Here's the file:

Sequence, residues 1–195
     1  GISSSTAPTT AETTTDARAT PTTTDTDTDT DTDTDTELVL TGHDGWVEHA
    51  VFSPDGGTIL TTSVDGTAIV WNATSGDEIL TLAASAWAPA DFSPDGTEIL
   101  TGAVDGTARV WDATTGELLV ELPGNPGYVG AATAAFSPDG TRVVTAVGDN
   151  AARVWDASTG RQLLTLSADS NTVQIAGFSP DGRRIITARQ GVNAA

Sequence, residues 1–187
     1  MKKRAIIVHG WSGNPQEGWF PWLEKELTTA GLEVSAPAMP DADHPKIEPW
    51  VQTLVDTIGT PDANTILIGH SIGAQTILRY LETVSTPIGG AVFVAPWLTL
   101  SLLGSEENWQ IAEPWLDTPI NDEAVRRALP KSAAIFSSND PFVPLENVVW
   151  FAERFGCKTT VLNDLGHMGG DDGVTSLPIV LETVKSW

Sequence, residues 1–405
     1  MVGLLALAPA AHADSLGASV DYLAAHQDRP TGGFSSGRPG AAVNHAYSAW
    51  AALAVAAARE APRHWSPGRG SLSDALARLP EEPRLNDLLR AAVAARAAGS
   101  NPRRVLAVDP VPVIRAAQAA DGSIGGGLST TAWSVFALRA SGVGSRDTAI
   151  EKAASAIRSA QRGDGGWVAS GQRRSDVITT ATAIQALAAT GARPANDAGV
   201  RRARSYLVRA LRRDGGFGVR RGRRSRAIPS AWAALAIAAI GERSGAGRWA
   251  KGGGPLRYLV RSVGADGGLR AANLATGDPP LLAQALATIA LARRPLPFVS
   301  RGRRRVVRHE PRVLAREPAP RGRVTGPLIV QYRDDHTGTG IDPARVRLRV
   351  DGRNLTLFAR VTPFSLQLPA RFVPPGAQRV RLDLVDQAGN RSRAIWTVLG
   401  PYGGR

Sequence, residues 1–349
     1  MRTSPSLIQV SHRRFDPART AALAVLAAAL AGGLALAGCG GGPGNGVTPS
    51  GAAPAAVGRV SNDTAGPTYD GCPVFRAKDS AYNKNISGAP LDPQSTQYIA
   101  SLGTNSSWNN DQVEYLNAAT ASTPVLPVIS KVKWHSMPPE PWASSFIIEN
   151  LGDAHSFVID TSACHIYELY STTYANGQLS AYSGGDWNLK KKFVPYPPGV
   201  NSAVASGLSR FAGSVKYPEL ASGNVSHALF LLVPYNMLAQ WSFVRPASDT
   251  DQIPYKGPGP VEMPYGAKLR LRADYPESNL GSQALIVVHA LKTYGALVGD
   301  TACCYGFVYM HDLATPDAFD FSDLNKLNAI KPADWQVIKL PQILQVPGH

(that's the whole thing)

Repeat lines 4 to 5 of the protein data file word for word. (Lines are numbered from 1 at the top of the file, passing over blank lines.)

   101  TGAVDGTARV WDATTGELLV ELPGNPGYVG AATAAFSPDG TRVVTAVGDN
   151  AARVWDASTG RQLLTLSADS NTVQIAGFSP DGRRIITARQ GVNAA